WELCOME Road Maps of Pennsylvania WELCOME

Christopher Colles produced the first United States road maps in 1789. His atlas showed roads connecting a few cities, including Philadelphia in Pennsylvania, and was modeled after the English road guides of the 18th century. In 1796 Abraham Bradley made a large map of the United States showing the roads of the new nation (Pennsylvania detail) . This map, and its subsequent derivatives, became the official map of the US Post Office for planning mail deliveries; it is reproduced in Ristow and also Schwartz & Ehrenberg. In 1802 T. W. Jones and S. S. Moore produced a road guide similar to Colles called The Traveller's Directory, or A Pocket Companion, published by Mathew Carey, Philadelphia.

The old Lancaster Turnpike running from Philadelphia to Lancaster was the first long distance stone and gravel surface road in the country; see Hulbert, Rose, and this 1776 road map from the Library of Congress. It was built to provide cheap transportation from the breadbasket counties of Lancaster and York to Philadelphia. The Philadelphia and Lancaster Turnpike Road Company was granted a charter in 1792 and completed the road in 1795. Nine toll gates were constructed over the 62 mile distance. Pennsylvania also contains a portion of the only road built in the 19th century by the Federal government, the old National Road US 40, running from Cumberland into Ohio. It crosses the state in the southwest and had several toll gatehouses, one or two still standing today. The first iron bridge in the United States was completed in 1839 over Dunlap's Creek ( Brownsville) on the route of the National Road and replaced a succession of bridges at this location.The work was done as part of a reconstruction of the road by the Federal government prior to turning it over to the states for maintainance. The span is 80 feet and it still stands, a National Historic Engineering Landmark. And Pennsylvania built the first modern four lane highway in the United States, the Pennsylvania Turnpike. The first segment ran from west of Harrisburg to just east of Pittsburgh and opened for business in 1940.

Early 19th century maps typically indicated major roads, but with the coming of railroads mapmakers began showing rail lines (and canals) rather than roads. County atlases in the late 19th century would show roads on large scale county, township, and urban maps, and detailed road maps were published by bicycle clubs. In the early 20th century publishers again began to show main roads on atlas maps as car travel increased, and they began publishing road maps specifically for motorists. Some general American automobile road map history can be found in articles by Ristow (1946) and Yagoda, and in the book Hitting the Road by Yorke & Margolies. For a history of the Federal government involvement in funding and building roads, see USDOT in the references. A history of European road maps can be found at cartes routieres anciennes (old road maps).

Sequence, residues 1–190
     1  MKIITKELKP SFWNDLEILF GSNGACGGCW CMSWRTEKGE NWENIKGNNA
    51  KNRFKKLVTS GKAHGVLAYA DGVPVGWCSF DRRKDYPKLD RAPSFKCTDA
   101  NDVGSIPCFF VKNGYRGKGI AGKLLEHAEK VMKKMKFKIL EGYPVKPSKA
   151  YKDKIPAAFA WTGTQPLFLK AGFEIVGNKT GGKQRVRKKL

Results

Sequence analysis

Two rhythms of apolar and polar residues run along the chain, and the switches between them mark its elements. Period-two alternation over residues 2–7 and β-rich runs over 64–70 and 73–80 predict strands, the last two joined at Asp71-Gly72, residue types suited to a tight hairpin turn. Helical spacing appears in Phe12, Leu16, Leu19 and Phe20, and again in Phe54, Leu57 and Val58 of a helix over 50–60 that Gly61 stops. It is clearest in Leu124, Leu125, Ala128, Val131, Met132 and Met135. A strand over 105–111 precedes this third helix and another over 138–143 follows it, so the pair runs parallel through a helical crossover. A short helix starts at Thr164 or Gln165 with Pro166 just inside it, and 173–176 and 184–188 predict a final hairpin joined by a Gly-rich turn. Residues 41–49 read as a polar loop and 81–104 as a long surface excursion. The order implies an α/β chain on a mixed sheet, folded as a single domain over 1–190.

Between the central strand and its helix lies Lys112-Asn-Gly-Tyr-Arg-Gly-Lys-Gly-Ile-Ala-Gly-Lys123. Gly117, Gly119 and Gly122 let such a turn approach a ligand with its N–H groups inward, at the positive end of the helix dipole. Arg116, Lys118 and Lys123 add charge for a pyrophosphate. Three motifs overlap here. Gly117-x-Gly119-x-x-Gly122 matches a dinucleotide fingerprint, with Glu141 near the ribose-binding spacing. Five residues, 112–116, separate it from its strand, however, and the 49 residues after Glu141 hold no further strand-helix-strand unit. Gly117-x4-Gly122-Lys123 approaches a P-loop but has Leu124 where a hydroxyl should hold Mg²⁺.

Early automobile road maps had no route numbers. Major roads had historic names, i. e. National Road, Lincoln Highway, that appeared on road signs and maps. Early publishers of road maps created their own route numbers, and gave detailed driving instructions on how to get from place to place as route signs did not exist then. The state Highway Department used an internal system of route numbering from 1911 to 1925 that appeared on state produced maps but not on road signs or tourist maps. Trail or pole markings along the roads first appeared around 1917 and were an extension of the road name system. For example, the Lincoln Highway (US Route 30 today) was identified by a large blue L that could be seen on telephone poles or fence posts along the way. Old state route numbers first appear in 1925 and modern US route numbers in 1926 on a few major roads, i. e. US 30 and US 40. For more on early route numbering, see The Pennsylvania State Route Numbering System .

Oil company road maps have a special significance for Pennsylvania because the oil industry started near Titusville with Edwin Drake's oil well in 1859. Gulf, based in Pittsburgh, was the first oil company to hand out free road maps beginning in 1914; these maps carried route numbers that referred to detailed driving instructions published by the Automobile Blue Book Publishing Company. Most other oil companies began distributing maps in the 1920's, when route signs made using a simple map more feasible. General Drafting, Rand McNally, and H. M. Gousha dominated oil company road map publishing; other names were Mid-West, National Survey, Gallup, Diversified Map, R. R. Donnelly. Rand McNally began making maps for Gulf in 1922. General Drafting made maps almost exclusively for Standard Oil (Esso) beginning in 1923. The first Gousha oil company maps appeared in 1927.

Maps dated 1916 or earlier contain only publisher route numbers or road names. Maps dated 1917 to 1926 usually contain trail markings. Maps dated 1925-26 contain trail markings and/or old state route numbers. Maps dated 1926-28 may contain both old state and modern US route numbers on major roads. From 1928 on modern route numbers appear on all road maps. For a discussion and look at early road atlases, see Pennsylvania in Old Road Atlases.

Road maps are divided here into three categories. State Road Maps are those published by a state agency, usually the 'official' road map put out by the Highway Department. Oil Company Road Maps are those with an oil logo usually published by Rand McNally, H. M. Gousha, or General Drafting. General Road Maps are those not in the first two categories, though many also came from Rand McNally. This site may be searched using the search engine below.

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